These cows have a majestic appearance, with primarily white, medium-length, curly fur covering their bodies.
Similar to those mentioned above Highland and Galloway cows,
Chillingham cattle have developed their uniquely dense, wavy coat to help them tolerate Scotland’s cold winters.
The coat is especially curly and thick around the cow’s head and neck, though it varies in length from 1-4” inches.
Some individuals naturally have longer fur than others, though most Chillingham cows have a curly tuft of fur atop their heads.
This tuft of fur gives the breed a delightfully soft, fuzzy appearance.
Named for the Charolais region in France, this breed of cattle is commonly bred for beef and is often crossed with other meat breeds such as the Hereford and Angus varieties.
While most of the Charolais’ coat is short and uniform, its head and neck have much denser, curlier fur.
Individuals typically have small, short tufts of curly fur atop their heads in between their ears.
Most modern Charolais cattle have been bred to be hornless, which gives them a soft, fuzzy, and elegant appearance in addition to their short, curly white fur.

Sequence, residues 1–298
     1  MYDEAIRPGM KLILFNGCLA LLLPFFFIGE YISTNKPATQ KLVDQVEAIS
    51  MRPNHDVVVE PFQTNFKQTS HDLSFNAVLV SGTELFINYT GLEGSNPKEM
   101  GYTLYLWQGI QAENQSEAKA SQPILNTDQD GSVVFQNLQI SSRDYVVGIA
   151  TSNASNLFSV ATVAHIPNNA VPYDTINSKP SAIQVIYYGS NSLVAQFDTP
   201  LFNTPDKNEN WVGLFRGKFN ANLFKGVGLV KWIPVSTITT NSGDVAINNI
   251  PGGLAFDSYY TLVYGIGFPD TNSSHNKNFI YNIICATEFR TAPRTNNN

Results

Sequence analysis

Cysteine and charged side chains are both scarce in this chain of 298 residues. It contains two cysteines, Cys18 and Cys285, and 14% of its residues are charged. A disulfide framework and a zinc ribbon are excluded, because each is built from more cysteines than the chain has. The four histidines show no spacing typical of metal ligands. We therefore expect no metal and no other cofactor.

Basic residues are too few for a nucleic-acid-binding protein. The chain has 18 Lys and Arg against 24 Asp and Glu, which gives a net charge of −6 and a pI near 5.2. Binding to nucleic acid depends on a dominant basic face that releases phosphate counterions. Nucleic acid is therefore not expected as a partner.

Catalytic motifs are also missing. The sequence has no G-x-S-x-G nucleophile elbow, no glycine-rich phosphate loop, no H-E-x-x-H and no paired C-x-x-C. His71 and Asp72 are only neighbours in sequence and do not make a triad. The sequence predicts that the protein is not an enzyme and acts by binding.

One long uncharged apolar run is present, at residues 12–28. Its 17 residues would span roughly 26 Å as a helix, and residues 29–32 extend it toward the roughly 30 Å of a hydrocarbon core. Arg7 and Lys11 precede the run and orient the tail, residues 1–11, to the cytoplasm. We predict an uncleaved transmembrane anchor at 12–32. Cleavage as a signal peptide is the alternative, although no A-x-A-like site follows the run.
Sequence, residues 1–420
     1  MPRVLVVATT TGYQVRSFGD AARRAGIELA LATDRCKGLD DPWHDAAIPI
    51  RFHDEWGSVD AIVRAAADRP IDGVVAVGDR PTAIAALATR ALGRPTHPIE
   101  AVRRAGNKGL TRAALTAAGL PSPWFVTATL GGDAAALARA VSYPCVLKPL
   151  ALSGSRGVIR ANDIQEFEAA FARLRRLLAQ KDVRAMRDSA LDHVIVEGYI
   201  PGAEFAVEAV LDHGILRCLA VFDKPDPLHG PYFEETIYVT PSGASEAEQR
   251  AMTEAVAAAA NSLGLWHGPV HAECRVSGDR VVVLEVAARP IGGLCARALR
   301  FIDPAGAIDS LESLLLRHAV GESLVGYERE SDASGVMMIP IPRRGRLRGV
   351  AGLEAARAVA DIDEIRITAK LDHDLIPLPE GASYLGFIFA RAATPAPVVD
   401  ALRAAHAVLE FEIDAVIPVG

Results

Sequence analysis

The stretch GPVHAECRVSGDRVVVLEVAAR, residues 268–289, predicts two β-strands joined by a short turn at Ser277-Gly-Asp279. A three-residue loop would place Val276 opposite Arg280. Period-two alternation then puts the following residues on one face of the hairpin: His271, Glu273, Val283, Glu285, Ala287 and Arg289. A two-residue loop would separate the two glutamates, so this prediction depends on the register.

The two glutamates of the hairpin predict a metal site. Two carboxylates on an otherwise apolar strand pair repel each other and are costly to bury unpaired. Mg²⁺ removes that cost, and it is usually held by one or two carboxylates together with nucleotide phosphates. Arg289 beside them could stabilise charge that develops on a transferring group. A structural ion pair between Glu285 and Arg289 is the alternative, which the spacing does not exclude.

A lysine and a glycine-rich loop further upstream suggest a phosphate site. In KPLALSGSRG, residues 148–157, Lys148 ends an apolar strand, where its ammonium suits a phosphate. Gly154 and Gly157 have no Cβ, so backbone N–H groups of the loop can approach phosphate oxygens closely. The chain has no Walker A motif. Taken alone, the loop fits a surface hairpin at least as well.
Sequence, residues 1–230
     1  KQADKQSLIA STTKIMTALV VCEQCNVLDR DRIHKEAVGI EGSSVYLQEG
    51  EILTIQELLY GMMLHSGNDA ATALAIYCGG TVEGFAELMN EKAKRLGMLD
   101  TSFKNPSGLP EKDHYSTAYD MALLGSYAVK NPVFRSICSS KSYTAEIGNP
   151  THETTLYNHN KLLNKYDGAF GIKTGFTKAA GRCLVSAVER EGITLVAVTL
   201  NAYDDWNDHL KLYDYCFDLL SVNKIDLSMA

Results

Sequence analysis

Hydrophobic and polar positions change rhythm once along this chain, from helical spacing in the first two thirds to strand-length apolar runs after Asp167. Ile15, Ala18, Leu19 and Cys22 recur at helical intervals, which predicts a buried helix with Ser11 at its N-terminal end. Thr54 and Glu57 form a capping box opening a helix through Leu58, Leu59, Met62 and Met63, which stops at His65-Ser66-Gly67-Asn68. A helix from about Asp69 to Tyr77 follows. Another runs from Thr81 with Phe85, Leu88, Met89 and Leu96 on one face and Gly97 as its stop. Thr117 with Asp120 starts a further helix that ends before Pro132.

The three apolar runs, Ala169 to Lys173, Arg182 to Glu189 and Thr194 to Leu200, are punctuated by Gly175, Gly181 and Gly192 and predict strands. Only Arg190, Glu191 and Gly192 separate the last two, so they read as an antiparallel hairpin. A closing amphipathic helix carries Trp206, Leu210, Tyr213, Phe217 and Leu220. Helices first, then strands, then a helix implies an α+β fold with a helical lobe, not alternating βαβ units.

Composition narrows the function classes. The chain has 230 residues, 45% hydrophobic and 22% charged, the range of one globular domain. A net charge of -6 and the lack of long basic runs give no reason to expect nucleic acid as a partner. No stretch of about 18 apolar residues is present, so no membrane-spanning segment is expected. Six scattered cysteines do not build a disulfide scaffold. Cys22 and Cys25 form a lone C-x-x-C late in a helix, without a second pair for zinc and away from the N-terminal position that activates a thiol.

Since the breed’s inception, the Charolais has become one of the most common beef cows and has been exported to more than 60 countries worldwide.
It has become especially popular in Mexico and the Czech Republic.
The Charolais now have several crossbreeds, including the Charbray, which was crossed with the Brahman breed, and the Canchim, which was bred with the Indu-Brasil.
North Devon cattle are known for a few unique qualities: their rich, red-colored medium-length coats, which tend to get long and curly during the winter, their hardiness in cold temperatures, and their docile temperaments.
These cows are very easy to breed and care for.
Although they aren’t as popular as other breeds used for meat, they still are fairly popular in regions like New Zealand, Brazil, and Australia.
They are great foragers, which makes them excellent for controlling grass and other wild plant growth on farms.
At least year-round, the North Devon cow isn’t the fluffiest on this list, but its handsome red coat becomes much longer, softer, and curlier during the winter.